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Re: In emacs 23 compile-mode doesn't recognize (c)perl error messages


From: Joseph Brenner
Subject: Re: In emacs 23 compile-mode doesn't recognize (c)perl error messages
Date: Thu, 29 Oct 2009 20:51:56 -0700
User-agent: Gnus/5.13 (Gnus v5.13) Emacs/23.1.50 (gnu/linux)

LanX <address@hidden> writes:

>> The main problem is of course how to handle this. What about using
>> unit tests? When I take time to write them for nXhtml I think they
>> helps a lot. (But I am mostly not fighting problems with getting it to
>> fit with changes in Emacs. I am fighting my own mistakes. And mistakes
>> in external libraries.)
>
> Sure testing is crucial!

[...]

> But with a test-set for compile.el I would have been in a position to
> either prove the problem very fast  or I would at least have a
> starting point to add new tests, improving the test coverage.
>
> I have to say that even today after using emacs for more than 15 years
> now my knowledge of elisp is quite reduced, so I can't even tell what
> kind of testing is realistically possible.

As it happens, I'm also enamored of suites of automated tests.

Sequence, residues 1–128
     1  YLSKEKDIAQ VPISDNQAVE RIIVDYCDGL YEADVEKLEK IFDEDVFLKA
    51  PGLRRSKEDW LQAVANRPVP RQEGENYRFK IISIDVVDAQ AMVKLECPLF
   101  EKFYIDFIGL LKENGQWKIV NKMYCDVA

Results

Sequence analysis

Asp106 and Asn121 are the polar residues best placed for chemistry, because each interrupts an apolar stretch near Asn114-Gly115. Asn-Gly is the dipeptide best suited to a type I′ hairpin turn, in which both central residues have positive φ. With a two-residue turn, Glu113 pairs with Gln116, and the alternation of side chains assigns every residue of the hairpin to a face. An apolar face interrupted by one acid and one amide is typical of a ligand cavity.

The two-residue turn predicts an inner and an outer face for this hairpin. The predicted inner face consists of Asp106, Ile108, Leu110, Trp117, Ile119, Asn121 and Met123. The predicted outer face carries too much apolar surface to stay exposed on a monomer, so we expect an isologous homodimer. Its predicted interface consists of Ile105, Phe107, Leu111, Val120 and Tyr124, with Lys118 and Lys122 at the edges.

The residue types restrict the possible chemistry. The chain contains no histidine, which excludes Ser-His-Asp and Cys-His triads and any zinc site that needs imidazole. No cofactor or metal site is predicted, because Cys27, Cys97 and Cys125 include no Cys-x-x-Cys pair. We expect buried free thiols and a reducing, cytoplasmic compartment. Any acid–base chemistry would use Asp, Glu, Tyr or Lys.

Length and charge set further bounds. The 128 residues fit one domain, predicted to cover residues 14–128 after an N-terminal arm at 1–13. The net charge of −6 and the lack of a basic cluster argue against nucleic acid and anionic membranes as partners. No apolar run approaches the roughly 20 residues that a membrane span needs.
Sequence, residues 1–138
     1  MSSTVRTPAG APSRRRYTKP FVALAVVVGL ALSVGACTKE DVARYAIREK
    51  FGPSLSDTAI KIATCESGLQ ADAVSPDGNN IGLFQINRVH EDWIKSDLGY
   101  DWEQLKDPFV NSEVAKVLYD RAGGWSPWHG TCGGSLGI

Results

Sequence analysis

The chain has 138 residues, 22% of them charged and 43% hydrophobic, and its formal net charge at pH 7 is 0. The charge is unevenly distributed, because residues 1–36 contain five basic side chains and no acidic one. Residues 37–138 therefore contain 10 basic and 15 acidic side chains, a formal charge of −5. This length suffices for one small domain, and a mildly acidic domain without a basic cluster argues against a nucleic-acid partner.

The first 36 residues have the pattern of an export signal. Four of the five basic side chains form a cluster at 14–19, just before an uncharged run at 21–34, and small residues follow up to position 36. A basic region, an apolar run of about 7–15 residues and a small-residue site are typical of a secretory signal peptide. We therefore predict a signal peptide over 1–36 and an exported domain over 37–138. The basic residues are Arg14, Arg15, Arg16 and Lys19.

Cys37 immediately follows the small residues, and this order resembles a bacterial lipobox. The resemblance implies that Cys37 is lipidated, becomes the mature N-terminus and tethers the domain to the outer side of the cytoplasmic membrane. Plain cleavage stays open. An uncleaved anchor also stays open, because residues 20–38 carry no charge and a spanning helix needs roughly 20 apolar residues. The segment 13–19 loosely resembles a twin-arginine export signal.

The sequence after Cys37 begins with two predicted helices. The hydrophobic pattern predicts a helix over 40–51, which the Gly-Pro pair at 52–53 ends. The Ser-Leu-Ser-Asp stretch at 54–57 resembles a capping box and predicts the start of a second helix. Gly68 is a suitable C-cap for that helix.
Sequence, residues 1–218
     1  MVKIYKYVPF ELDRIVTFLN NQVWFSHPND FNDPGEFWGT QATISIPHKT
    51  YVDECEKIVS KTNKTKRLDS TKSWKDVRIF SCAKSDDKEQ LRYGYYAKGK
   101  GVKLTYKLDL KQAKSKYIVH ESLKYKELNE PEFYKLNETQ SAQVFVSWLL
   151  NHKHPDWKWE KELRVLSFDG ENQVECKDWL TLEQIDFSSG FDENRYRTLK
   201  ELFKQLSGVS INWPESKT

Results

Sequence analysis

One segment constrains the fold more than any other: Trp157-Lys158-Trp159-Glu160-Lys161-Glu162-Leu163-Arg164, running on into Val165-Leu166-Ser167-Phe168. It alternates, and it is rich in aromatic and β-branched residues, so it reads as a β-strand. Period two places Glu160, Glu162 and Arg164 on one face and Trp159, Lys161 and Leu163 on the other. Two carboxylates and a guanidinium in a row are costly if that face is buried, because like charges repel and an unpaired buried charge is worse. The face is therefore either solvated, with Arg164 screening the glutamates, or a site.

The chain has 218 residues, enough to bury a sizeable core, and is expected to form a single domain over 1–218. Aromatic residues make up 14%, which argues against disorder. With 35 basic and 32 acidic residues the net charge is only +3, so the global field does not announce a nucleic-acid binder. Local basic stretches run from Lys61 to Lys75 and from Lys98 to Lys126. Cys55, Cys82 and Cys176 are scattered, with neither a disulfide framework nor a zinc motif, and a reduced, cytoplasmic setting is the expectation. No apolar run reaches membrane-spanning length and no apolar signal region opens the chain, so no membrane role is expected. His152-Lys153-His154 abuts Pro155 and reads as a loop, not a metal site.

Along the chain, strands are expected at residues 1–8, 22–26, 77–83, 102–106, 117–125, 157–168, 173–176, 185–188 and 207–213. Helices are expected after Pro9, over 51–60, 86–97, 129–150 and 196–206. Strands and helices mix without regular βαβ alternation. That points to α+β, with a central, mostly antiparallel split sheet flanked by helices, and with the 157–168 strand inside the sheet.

Oh wait, I'm a perl programmer.

There are something like a dozen elisp test frameworks at this point.
None of them have been endorsed by the emacs-devel team.  Anyone
interested in this approach would have to evaluate the existing test
packages, or write yet-another-one... and I'm afraid someone coming
out of the perl culture is not likely to be impressed by any of them
(e.g. to my knowledge, none of them respect the TAP standard).

I have a vague impression that ert.el may have a little more momentum
than the rest.  But then, the only way to get a copy of it is as a
side-effect of installing the nxhtml packages.

I gather that the reason we're stuck with this state of affairs is that
the emacs-devel team (including rms) isn't really interested.  They like
the idea of having a tool to do higher level testing of the entire
interface, but don't see the point of lower level tests... which is to
say they'd like to solve the hardest problem first, and aren't too
likely to do this soon.

> From a perlish point of view (excuse me ;-) someting like
> www::mechanize or selenium used to test web-apps would be nice.

Sure, but it might be a good idea to think about an analog of
Test::More first.



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